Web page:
The most efficient reduction of nitrogen- and chlorine-containing oxyanions is achieved by the microbial metalloenzymes (per)chlorate reductase and nitrate reductase during anaerobic respiration (1, 2). The active sites of the two metalloenzymes are similar and allow each enzyme to reduce both nitrogen- and chlorine-containing oxyanions (Fig. 1) (1, 2). Both reductases also feature extensive hydrogen-bonding networks, which facilitate the movement of protons and water about the active site and stabilize reactive intermediates (13). Disruption of this network in nitrate reductase via mutagenesis results in the complete loss of activity because of the low stability of high-valent Mo=O intermediates (3, 4). Furthermore, positively charged residues near the active site in (per)chlorate reductase aid in the binding of perchlorate to the Mo-center (3). The noncovalent interactions found within the metalloenzymes play an important role in facilitating reactivity (111). Incorporating these interactions into transition-metal complexes may aid in oxyanion reactivity because most transition-metal systems are not capable of these reductions (1217).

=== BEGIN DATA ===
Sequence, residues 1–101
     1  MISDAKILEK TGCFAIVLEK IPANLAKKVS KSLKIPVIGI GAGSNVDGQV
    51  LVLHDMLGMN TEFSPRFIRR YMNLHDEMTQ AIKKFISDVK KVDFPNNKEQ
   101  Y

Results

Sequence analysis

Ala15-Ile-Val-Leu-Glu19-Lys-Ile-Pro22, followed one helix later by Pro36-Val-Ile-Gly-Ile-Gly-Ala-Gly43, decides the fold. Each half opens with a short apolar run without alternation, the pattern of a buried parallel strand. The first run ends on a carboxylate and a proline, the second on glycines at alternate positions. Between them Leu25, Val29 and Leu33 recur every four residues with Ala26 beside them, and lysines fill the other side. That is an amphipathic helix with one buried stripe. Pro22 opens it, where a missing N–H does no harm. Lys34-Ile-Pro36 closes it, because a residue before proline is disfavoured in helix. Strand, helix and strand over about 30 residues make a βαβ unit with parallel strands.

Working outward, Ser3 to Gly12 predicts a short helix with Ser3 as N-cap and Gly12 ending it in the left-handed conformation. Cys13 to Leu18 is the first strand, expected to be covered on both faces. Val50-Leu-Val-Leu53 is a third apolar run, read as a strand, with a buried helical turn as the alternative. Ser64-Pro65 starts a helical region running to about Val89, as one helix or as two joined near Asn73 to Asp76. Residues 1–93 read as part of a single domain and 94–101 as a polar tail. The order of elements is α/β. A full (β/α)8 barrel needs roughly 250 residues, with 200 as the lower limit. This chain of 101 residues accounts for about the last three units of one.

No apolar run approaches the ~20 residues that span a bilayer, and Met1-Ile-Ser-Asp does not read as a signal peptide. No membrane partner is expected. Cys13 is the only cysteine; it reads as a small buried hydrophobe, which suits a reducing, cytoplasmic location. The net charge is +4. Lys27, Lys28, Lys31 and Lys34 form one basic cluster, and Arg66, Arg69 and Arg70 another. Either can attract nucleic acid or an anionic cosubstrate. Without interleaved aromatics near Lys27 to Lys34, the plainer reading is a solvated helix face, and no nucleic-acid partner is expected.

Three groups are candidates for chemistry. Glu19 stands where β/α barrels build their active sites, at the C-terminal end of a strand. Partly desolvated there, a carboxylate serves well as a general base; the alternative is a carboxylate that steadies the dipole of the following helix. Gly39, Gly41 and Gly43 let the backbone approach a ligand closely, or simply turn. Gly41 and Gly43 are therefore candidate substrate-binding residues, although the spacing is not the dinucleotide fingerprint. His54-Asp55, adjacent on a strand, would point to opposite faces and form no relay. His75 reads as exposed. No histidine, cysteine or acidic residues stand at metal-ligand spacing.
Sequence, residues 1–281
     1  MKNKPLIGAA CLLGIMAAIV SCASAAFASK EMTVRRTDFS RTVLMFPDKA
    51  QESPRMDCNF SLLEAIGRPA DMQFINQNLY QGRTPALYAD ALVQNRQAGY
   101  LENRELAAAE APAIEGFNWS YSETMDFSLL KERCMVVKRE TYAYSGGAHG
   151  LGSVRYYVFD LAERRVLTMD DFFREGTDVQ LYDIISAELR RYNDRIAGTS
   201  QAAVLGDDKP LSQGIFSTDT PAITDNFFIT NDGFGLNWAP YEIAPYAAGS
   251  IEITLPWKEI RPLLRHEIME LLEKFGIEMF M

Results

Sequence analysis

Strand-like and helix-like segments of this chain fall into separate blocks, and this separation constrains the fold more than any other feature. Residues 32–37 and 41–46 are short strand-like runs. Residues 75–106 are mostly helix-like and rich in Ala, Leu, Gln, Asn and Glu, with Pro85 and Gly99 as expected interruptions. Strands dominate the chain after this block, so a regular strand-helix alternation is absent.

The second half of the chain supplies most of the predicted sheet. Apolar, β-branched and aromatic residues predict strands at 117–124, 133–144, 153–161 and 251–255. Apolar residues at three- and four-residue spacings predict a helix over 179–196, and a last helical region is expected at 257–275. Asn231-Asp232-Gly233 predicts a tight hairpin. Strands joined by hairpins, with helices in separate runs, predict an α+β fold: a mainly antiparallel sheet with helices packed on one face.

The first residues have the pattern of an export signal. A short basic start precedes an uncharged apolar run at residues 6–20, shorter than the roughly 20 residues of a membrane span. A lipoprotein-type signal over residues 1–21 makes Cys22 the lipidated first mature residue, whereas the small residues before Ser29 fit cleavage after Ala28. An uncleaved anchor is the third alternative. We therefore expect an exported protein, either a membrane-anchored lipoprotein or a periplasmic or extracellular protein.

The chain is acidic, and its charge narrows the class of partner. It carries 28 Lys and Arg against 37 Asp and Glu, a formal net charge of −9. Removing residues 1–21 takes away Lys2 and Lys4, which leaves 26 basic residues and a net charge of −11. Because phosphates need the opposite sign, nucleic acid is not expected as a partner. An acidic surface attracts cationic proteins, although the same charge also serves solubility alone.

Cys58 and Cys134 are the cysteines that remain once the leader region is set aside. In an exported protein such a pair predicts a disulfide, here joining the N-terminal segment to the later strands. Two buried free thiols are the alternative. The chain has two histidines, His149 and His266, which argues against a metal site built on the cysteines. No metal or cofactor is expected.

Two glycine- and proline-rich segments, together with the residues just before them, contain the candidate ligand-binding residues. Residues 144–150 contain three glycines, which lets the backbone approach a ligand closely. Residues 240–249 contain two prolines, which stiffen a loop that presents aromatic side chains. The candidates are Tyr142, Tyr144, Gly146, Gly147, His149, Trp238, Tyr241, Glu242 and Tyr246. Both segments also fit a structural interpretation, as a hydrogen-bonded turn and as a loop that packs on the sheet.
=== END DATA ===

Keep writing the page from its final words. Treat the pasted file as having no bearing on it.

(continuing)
Fig. 1 Biological oxyanion reduction.

The active sites of the enzymes responsible for the reduction of chlorine- and nitrogen-containing oxyanions are depicted.

The challenge in reducing these oxyanions lies not only in their unfavorable reduction potentials but also in their low binding affinity to transition-metal centers (12). These inorganic oxyanions have long been touted for their weak complexation, poor nucleophilicity, and consequently their kinetic inertness toward oxidation and reduction (12). Therefore, harsh reaction conditions (such as low pH, high temperature, photolysis, and/or long reaction times) are required to facilitate oxyanion reduction in homogenous systems (1217).